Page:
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"Election season has come and gone", well maybe not so much.  It is always election season with some of us.  I confess to being an election junkie.  I have checked David Wasserman's tally every day since Veteran's Day and I checked on the status of every undecided House race until the last one was decided.  While the tabulations are not complete, the general picture is there--Obama won comfortably.  Against pretty strong odds, Democrats gained in the Senate and facing headwinds created by gerrymandering, Democrats also gained in the House, but not nearly enough to overcome the blowout loss of 2010.

Much time and ink has been spent exploring the how and why of the election of 2012, and I think there is linkage between several issues that progressives need to address in order to make our election system fairer and more representative going forward.  Much more after the break.  

There are several factors in why elections have swung so wildly in the past four years.  Obama won big in 2008, and had a solidly Democratic Congress, then Republicans had an historic victory in 2010, getting a huge majority in the House, paring down the Democratic advantage in the Senate, and claiming many statehouses and state legislatures along the way.  Now, Obama wins easily, Democrats make gains at all levels, but not back to pre-2010 levels.  What's the deal?

My view is that the swings are all about who votes.  First of all, it should be noted that participation is never high enough.  National turnout never reaches even 65% in a presidential election year and has been stuck in the 30s in off-years since 1970.  With the exception of Clinton's second term win, it is clear that higher turnouts benefit Democrats.  Beyond that, I would state that higher turnouts benefit the country.  The more people that participate, the more that make an investment in deciding what the government should do.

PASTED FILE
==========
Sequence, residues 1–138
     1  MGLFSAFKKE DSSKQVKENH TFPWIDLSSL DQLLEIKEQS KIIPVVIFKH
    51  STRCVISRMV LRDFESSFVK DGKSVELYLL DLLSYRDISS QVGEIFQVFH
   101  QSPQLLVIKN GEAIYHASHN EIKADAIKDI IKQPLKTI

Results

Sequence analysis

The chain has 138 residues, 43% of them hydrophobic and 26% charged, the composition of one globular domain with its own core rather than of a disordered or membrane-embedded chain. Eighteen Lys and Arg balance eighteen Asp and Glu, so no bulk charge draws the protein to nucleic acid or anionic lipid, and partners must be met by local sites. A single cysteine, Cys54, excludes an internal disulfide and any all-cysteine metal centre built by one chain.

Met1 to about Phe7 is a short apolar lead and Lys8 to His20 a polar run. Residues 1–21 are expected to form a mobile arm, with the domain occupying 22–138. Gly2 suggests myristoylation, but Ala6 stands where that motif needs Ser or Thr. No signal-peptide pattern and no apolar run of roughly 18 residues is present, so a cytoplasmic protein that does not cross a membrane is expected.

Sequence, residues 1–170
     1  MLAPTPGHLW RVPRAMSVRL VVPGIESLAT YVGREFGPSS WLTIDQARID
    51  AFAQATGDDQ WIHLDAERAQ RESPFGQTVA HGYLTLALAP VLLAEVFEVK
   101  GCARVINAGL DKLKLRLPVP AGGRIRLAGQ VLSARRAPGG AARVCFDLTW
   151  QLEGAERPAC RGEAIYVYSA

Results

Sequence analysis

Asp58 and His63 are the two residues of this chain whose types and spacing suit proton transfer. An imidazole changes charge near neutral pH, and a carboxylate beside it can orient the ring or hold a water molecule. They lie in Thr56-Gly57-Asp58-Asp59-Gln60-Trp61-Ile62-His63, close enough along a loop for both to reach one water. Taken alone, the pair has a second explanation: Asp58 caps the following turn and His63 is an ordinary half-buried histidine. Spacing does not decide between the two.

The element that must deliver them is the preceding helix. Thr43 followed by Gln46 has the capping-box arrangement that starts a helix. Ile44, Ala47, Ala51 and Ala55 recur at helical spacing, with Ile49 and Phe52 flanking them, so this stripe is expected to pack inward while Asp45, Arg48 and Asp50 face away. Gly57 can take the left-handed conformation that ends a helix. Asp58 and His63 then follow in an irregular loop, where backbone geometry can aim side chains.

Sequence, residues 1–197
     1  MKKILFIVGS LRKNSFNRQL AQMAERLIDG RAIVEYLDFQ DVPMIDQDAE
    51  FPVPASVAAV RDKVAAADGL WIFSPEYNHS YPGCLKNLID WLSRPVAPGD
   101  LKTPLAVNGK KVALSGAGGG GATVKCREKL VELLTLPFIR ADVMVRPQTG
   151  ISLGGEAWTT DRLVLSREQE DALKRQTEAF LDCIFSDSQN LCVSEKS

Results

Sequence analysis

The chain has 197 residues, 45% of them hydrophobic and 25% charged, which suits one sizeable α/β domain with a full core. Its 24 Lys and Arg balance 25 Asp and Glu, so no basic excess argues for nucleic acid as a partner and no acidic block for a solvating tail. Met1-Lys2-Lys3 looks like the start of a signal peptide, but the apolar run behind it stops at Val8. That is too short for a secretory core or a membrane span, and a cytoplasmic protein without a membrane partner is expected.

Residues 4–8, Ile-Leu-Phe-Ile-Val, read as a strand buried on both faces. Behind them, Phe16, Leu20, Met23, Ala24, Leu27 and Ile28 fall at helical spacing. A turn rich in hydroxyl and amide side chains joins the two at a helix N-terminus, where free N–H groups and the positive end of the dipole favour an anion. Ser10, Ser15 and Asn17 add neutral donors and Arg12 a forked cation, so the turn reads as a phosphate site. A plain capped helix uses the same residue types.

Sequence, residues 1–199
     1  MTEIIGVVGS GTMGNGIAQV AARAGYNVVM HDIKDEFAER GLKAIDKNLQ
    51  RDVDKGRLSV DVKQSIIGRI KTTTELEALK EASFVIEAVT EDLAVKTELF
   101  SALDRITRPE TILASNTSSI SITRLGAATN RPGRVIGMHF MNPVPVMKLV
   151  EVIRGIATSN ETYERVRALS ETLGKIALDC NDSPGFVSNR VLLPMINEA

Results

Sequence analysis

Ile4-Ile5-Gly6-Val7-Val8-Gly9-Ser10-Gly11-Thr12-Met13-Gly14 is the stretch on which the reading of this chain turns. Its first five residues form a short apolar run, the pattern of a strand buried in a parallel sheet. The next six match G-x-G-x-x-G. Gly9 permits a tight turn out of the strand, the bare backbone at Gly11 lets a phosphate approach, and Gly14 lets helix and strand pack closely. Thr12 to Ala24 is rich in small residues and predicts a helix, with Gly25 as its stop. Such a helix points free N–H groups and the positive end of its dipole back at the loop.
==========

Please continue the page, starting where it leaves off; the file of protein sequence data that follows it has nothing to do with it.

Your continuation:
As a practical matter, if turnout were raised 5-10%, Democrats would be solid favorites in all states Obama won plus a few that he didn't compete in--Georgia, North Carolina, Indiana and Missouri.  I submit that since Reagan at least, no Republican has truly been a majority choice of all eligible voters.  It is both good government and good politics for Democrats to somehow get turnout up.  How to do this?  Follow the lead of states with high turnout--make registration fast and easy or best, allow same-day registration.  Have polls open sufficient hours on election day to avoid long lines and delays or better, permit early voting.  Finally, have a vital two-party system for the state.  If people are convinced that their vote matters, they are far more likely to vote.  

Voter turnout is down this year, only a few million, out of about 130 million votes, but allowing about a 1% per year increase in eligible voters, that means turnout was down more like 5%, not a good number.  Why?  I think many see politics as a game of the "haves", more think that their vote doesn't matter, and many more have other things to occupy their lives.  These factors, plus a coordinated effort by conservatives to suppress the vote have kept turnout relatively low in the modern era.  Much more to say about this in Part II of my diary to be published later this week.        

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